The renaissance of the Sacramento Historic City Cemetery is a remarkable volunteer success story. In the words of the Cemetery Master Plan, the cemetery was “barren and lifeless” until volunteers transformed a “neglected burial ground to a vibrant historic cemetery that is a horticultural attraction.”
The plan states a vision for the historic cemetery, recognizing three major areas devoted to gardens: Historic Rose Garden, Hamilton Square Perennial Garden and California Native Plant Demonstration Garden.
It’s bad enough that we have to fight weeds or deal with unsuitable plants that we inherited when we bought our properties. It’s worse if you are the one who innocently planted something that has turned into a monster. Plants that are described as “vigorous” may be ready to take over your yard. Some grow too big, too fast. Others have roots that spread aggressively. Still others spread by seed.
I don’t really consider plants “invasive” that are easy to remove. California poppies, sweet peas and other plants that self-seed can be readily pulled out if they pop up in unwanted places.
My husband says it’s like being married to Pigpen, the notoriously dirty character in Peanuts.
I might be cleaned up and ready to go out for the evening, but then notice a plant that needs water or run into the garden to check something. The next thing I know, my shirt is wet and smudged, my fingernails are grungy and there is debris in my hair. There have been occasions when I have had to wash up and change clothes twice before we finally pull out of the driveway.
You can’t just plant and forget a landscape tree. Even if you’ve carefully planted it in the best possible spot, your job isn’t done. According to Pamela Sanchez of the Sacramento Tree Foundation, you need to make a commitment to properly train and maintain your new tree for at least eight years. Just as you must instill good behavioral habits in a child or puppy, establish good growth habits in a young tree.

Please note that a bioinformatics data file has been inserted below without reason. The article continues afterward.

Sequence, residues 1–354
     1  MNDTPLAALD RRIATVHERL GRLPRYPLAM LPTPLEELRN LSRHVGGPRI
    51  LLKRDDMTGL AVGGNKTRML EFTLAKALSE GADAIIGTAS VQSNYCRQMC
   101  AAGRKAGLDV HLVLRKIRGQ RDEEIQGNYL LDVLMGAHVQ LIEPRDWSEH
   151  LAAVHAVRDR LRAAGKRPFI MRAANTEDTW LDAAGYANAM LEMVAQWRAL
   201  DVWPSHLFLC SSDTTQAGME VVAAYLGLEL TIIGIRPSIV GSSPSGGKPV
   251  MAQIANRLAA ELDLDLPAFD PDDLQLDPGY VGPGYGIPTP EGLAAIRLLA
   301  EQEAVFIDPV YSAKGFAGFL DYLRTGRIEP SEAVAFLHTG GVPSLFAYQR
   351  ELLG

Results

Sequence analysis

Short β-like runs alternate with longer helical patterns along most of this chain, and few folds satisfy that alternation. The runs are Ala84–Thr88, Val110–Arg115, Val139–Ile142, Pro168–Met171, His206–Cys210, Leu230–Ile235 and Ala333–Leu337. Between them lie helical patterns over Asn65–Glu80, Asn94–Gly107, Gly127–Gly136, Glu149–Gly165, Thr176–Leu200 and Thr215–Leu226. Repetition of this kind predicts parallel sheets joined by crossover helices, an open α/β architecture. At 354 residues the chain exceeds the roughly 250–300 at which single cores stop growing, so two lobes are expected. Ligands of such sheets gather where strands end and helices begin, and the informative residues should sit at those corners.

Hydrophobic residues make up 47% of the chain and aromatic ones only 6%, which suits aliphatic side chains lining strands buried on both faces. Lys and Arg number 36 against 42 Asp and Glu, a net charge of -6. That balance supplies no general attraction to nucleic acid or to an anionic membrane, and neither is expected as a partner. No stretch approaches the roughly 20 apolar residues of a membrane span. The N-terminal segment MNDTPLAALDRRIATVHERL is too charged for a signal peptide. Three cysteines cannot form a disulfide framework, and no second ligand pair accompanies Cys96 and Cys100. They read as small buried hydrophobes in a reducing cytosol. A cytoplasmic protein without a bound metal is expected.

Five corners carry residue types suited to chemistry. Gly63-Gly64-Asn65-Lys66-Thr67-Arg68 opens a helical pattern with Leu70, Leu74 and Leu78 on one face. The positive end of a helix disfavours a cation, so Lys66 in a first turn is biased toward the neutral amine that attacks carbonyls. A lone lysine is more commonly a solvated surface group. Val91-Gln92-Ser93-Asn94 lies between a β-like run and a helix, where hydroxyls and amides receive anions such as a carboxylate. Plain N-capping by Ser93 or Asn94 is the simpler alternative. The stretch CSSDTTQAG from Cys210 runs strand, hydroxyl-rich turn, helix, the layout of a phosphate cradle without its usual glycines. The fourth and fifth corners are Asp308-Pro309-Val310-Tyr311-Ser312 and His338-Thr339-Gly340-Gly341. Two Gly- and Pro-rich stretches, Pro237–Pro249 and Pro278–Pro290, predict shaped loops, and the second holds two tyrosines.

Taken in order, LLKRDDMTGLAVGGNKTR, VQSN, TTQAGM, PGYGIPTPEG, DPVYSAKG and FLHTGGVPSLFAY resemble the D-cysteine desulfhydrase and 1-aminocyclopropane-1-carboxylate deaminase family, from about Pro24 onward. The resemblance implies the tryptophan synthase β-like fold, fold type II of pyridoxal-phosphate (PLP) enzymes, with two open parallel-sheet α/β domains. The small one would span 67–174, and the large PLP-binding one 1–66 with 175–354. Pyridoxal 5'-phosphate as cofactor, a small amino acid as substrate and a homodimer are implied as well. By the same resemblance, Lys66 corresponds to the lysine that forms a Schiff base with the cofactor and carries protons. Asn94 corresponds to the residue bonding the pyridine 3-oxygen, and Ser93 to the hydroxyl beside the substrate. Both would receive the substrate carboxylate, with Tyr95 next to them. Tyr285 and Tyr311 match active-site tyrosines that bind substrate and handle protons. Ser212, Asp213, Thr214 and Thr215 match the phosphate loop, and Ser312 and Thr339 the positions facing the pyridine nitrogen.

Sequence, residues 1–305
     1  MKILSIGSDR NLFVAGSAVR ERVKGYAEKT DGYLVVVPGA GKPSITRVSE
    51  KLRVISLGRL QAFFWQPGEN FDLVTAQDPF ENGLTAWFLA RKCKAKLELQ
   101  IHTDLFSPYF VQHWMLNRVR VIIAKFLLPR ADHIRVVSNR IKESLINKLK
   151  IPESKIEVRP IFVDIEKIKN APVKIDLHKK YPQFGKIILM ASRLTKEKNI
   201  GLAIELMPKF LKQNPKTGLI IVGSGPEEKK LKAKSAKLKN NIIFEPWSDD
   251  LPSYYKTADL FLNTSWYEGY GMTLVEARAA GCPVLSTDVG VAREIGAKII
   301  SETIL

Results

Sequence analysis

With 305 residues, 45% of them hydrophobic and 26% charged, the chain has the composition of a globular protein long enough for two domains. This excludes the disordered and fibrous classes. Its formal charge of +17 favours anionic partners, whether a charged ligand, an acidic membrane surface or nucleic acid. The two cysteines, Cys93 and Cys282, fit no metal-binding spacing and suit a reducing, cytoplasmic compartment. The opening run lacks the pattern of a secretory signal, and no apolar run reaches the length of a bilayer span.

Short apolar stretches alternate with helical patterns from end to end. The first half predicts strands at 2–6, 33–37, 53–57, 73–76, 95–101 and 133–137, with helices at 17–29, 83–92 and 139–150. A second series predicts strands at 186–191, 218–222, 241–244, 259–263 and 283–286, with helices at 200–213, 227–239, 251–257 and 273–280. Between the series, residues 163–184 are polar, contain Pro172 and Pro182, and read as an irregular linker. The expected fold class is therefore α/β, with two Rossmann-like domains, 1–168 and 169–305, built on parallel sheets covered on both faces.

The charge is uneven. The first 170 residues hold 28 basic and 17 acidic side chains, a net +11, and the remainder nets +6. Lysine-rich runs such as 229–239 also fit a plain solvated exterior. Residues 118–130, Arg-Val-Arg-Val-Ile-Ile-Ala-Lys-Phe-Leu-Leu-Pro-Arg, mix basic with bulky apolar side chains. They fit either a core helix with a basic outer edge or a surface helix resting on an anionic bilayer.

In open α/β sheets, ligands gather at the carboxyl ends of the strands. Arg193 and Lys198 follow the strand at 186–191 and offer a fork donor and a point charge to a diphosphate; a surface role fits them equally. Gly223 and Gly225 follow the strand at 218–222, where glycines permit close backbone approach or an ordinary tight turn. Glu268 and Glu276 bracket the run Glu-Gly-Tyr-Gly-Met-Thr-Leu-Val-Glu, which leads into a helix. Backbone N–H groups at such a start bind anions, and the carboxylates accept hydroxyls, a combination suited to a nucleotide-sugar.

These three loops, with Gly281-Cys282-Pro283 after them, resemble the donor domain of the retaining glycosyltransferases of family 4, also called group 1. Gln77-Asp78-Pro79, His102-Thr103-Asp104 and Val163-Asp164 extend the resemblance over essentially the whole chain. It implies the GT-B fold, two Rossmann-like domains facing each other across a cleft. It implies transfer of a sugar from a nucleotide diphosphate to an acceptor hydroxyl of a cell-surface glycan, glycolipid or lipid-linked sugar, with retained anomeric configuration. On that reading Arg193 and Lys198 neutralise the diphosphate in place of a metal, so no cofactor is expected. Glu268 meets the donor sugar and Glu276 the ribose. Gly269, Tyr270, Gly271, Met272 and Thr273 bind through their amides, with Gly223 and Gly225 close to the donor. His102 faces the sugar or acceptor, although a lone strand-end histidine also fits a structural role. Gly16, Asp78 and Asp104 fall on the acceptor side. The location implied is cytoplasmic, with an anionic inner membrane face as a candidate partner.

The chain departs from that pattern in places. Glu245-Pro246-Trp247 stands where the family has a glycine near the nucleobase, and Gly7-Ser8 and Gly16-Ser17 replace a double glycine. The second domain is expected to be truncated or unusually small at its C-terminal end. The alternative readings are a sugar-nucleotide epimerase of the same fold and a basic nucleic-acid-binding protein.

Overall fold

Trees grow in the wild without any human intervention. Our standards are higher for a tree that is growing in our yard. Attending to a tree’s structure improves its health, safety and aesthetics. Just as a stitch in time saves nine, a snip (or several) will save you time and money over the many years of a tree’s life.
My two yards are like a mullet: business in the front and party in the back. I’ve never gotten around to converting my scruffy front lawn to a more interesting water-efficient landscape, but my husband and I have created our personal paradise in the back.
I didn’t mean to keep it a secret, but only a small circle of family and friends usually see it. Our garden was designed for my obsession with plants and my husband’s addiction to tomatoes, not for garden tours or large-scale entertaining.
Whenever I hear a chainsaw buzzing in my neighborhood, my heart sinks and my stomach clenches. Are we going to lose yet another beloved shade tree?
My husband and I see ghost trees everywhere in our East Sacramento neighborhood, remembering majestic giants that once filled the now-empty sky and shaded summer-sizzling sidewalks and yards. These trees weren’t ours, but we loved them and miss them still.